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News Briefs

Southern California Supermarket Chains Embrace Alternative Fuel


In a landmark agreement, Southern California’s three largest supermarket chains will purchase alternative fuel trucks and warn nearby communities of the cancer threat posed by diesel exhaust wafting from their big rigs.

Ralphs, Safeway/Vons and Albertsons/Lucky Stores on Thursday settled a controversial two-year-old civil lawsuit filed by environmental groups and the California Attorney General’s office. The companies were accused of exposing neighborhoods near distribution centers to cancer-causing exhaust in violation of Proposition 65, California’s anti-toxics law.

Attorney General Bill Lockyer on Thursday called it an “historic agreement” because “for the first time companies that generate large amounts of traffic are taking responsibility for the harmful emissions they cause in a particular community.”

The settlement has national importance because it will provide a high-profile boost to cleaner-fuel truck technologies that have struggled to find a market.

The case has been watched closely by the state trucking industry, which fears that diesel operators throughout California will be held responsible under state law for exposing neighborhoods to exhaust.

Russia Displays Hitler’s Skull Fragment, Other Relics


It’s only 5 inches across and looks like a tattered piece of leather from a grimy, oversize softball. In a cluttered back yard, it would be easily overlooked.

Which, in fact, it was, according to archival evidence that went on display this week in Moscow.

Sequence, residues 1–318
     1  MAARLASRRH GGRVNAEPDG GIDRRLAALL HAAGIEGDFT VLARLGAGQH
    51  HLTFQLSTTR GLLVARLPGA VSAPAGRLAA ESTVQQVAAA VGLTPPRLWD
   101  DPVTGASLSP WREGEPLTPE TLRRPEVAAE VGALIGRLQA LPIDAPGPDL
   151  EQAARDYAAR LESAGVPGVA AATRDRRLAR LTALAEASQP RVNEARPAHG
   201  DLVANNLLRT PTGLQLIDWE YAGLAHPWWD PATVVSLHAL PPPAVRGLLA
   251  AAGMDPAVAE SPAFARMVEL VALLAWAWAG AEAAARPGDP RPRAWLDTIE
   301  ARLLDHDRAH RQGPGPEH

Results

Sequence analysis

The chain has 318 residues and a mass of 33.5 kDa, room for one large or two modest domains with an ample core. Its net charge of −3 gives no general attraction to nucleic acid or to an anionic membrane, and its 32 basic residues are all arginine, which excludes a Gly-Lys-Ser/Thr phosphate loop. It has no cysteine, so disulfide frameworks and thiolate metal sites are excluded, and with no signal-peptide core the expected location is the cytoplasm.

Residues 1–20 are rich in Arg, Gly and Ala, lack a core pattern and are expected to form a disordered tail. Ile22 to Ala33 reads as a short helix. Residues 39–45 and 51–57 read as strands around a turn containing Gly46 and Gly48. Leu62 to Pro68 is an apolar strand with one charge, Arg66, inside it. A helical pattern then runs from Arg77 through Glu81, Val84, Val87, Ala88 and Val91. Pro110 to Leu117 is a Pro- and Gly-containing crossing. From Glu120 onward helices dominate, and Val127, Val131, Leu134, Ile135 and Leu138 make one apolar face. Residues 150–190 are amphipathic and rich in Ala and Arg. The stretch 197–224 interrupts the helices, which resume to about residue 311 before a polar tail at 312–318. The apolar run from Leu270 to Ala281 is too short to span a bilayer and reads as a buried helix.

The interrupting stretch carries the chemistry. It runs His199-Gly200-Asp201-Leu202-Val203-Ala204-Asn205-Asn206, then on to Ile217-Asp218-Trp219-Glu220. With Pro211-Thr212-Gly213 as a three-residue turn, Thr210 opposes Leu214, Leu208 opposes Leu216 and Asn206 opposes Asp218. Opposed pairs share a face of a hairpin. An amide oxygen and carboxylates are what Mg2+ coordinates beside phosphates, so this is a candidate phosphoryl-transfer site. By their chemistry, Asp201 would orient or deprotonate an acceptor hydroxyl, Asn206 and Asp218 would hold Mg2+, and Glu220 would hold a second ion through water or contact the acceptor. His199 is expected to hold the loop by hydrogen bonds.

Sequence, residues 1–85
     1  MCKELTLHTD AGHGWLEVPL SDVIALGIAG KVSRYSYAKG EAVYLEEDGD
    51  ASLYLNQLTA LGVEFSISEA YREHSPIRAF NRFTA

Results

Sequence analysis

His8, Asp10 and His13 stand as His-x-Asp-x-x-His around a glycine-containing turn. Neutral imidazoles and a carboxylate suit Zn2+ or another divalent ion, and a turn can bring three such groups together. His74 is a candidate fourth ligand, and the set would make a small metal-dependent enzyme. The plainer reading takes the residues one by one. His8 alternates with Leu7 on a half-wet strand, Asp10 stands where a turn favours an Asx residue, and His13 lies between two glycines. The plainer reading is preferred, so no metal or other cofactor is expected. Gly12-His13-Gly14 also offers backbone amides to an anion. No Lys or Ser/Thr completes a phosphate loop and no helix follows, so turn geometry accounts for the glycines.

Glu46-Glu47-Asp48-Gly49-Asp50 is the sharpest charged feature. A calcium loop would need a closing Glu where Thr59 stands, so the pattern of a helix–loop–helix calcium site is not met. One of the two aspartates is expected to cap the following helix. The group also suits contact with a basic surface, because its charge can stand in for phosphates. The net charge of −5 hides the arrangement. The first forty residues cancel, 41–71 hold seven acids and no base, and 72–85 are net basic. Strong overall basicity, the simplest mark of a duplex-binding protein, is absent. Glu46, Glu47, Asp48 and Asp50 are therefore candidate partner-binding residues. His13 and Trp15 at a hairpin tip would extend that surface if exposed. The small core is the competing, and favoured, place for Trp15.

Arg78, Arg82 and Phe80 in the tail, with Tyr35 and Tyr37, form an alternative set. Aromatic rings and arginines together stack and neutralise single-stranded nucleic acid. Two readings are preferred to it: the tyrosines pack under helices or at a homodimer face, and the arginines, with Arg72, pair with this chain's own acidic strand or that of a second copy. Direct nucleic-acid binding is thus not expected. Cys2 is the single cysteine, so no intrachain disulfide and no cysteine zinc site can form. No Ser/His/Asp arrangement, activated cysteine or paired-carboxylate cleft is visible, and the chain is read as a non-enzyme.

The object now ensconced on black velvet under glass at Russia’s State Archives is believed to be all that remains of the skull of the man many consider the 20th century’s most evil person: Adolf Hitler.

The leader of the Third Reich committed suicide April 30, 1945, as Soviet troops seized Berlin and closed in on his chancellery, where he was holed up in an underground bunker. Ever since, the fate of his corpse has been one of the war’s enduring mysteries.

Russia announced in 1993 that it had the skull fragment and said the rest of Hitler’s remains had been destroyed. But never before had Russian officials publicly collected and displayed what they know about the death of the Fuhrer and his regime.

“This exhibition at long last puts an end to all conjectures about Hitler’s death,” said Lev Bezymensky, a historian and expert on the Third Reich. “The facts which were in the past known only to a small circle of experts are now presented to the entire world.”

Decrease in Teen Gonorrhea Is Linked to Beer Price Hike


When the price of beer goes up, teen-age gonorrhea goes down, federal health officials say.

Data released Thursday by the Atlanta-based Centers for Disease Control and Prevention show that a 20-cent per six-pack tax increase in beer nationwide could reduce gonorrhea rates in young people by almost 9 percent nationwide.

Why? When teen-agers drink, “they are more likely to have sex and they are more likely to have sex without a condom, with multiple partners and with high-risk partners,” said Harrell Chesson, author of the study, which examined the impact of state beer taxes on rates of sexually transmitted diseases in several dozen states between 1981 and 1995.

“Drinking influences judgment,” he said.

CDC is also looking at the impact on syphilis. Agency officials said that a preliminary analysis shows similar declines.

Untreated cases of sexually transmitted diseases can lead to reproductive tract cancers and infertility. Unprotected sex can promote transmission of the virus that causes AIDS.

A 9 percent drop nationwide would translate into an annual reduction of an estimated 3,400 new cases of HIV infection, 8,900 cases of infertility and 700 cases of cervical cancer, predicted Dr. Kathleen Irwin, chief of CDC’s health services research into preventing sexually transmitted diseases.